On August 5 alone, the day Hong Kongers participated in a general strike, the police shot 800 canisters of tear gas to disperse the masses. Compare that to only 87 fired in the entire Umbrella Movement five years ago, and the police’s excessive force today is clear. Their increasingly liberal use of pepper spray, pepper balls, rubber bullets, sponge bullets, bean bag rounds, and water cannons — almost all of which are imported from Western democracies — are no less troubling. In light of this, I applaud Chairman McGovern for introducing the PROTECT Hong Kong Act last week in the House of Representatives. American companies mustn’t profit from the violent crackdown of freedom-loving Hong Kongers.
Co-Chairman Rubio is also right for recently writing that “Hong Kong’s special status,” under American law, “depends on the city being treated as a separate customs area, on open international financial connections, and on the Hong Kong dollar’s peg to the U.S. dollar.” Beijing shouldn’t have it both ways, reaping all the economic benefits of Hong Kong’s standing in the world while eradicating our sociopolitical identity. This is the most important reason why the Hong Kong Human Rights and Democracy Act enjoys the broad support of Hong Kong’s civil society, a point which I want every member of Congress to take note.
Lam finally withdrew the bill earlier this month, but just as protesters have long stopped calling for her resignation, this decision was almost meaningless by now. The movement is far from over, because it has long moved beyond one bill or one person. Our fifth and most important demand is genuine structural change in Hong Kong. Our government’s lack of representation lies at the heart of the matter.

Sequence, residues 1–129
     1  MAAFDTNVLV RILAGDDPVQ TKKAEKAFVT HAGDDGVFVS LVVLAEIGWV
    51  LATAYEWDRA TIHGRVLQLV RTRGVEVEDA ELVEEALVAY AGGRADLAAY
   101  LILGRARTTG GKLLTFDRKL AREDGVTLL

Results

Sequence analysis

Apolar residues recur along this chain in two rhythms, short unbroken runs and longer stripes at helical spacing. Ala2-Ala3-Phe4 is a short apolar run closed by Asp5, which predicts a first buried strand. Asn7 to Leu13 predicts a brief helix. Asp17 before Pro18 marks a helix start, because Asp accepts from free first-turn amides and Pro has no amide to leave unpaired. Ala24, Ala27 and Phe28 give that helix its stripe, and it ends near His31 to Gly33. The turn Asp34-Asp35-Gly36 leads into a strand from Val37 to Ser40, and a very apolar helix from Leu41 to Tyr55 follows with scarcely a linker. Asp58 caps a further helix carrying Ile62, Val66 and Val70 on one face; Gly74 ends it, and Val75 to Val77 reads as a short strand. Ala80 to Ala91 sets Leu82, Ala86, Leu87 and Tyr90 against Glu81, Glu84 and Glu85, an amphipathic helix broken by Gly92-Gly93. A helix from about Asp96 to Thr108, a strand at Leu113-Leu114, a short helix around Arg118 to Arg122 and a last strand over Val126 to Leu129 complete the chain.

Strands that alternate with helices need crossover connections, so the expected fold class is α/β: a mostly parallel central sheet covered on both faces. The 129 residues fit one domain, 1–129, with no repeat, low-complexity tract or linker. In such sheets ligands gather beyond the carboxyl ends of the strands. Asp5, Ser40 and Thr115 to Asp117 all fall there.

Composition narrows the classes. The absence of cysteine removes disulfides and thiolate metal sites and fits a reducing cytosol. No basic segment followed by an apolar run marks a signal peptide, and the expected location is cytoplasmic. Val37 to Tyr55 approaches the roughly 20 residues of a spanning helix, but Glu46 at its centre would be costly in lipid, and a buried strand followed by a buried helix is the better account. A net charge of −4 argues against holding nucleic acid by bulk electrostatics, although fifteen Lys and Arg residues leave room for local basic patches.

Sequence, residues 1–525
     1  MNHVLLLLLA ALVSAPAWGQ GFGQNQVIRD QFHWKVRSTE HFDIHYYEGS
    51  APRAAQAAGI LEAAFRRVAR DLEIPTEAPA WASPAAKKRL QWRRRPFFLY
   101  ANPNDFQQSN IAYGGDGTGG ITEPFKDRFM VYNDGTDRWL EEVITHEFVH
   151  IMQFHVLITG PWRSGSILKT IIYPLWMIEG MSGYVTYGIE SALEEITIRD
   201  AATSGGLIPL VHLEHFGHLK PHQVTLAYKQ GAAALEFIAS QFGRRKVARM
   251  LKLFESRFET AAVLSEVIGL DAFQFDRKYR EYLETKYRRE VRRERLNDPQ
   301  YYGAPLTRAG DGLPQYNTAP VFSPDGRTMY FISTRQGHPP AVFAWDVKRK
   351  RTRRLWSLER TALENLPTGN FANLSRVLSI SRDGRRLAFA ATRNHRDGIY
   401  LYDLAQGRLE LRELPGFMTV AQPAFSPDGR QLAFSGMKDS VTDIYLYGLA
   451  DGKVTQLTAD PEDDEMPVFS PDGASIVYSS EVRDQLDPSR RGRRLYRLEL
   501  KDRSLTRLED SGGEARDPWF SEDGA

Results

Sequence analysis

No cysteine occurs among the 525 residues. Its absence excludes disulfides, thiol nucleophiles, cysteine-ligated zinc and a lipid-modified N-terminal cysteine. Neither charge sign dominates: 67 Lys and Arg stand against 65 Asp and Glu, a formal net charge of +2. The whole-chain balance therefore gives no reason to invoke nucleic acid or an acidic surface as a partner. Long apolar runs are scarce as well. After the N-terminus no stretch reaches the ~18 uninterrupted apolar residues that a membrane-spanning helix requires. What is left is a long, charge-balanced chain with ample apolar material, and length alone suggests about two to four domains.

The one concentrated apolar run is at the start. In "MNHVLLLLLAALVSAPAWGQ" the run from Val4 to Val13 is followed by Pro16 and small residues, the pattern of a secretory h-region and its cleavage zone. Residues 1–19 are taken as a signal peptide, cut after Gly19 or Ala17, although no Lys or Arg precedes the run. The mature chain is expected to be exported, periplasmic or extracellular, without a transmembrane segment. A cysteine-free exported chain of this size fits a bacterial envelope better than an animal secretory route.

As I speak, Hong Kong is standing at a critical juncture. The stakes have never been higher. Authorities have all but stopped issuing permits known as “letters of no objection,” so virtually every demonstration is an “illegal assembly.” Moreover, we are confronted by the huge Chinese military buildup just across the border in Shenzhen. President Xi Jinping is unlikely to take bold action before the upcoming 70th National Day in October, but no one can be sure what’s next. Sending in the tanks remains irrational, though not impossible. Chinese interference in Macau, Taiwan, Tibet, and especially Xinjiang, serves as a reminder that Beijing is prepared to go far in pursuit of its grand imperial project.
I was once the face of Hong Kong’s youth activism. In the present leaderless movement, however, my sacrifices are minimal, compared to those among us who have been laid off for protesting, who have been injured but too afraid of even going to a hospital, or who have been forced to take their own lives. Two have each lost an eye. The youngest of the 1,400 arrested so far is only 12-year-old schoolboy. I don’t know them, yet their pain is my pain. We belong to the same imagined community, struggling for our right of self-determination so we can build one brighter, common future.
A baby born today will not even have celebrated his 28th birthday by July 1, 2047, when Hong Kong’s policy of “50-year no change” is set to expire. That deadline is closer to us than it appears; there’s no return. Decades from now, when historians look back, I’m sure that 2019, much more so than 2014, will turn out to have been a watershed. I hope, too, that historians will celebrate the United States Congress for having stood on the side of Hong Kongers, the side of human rights and democracy.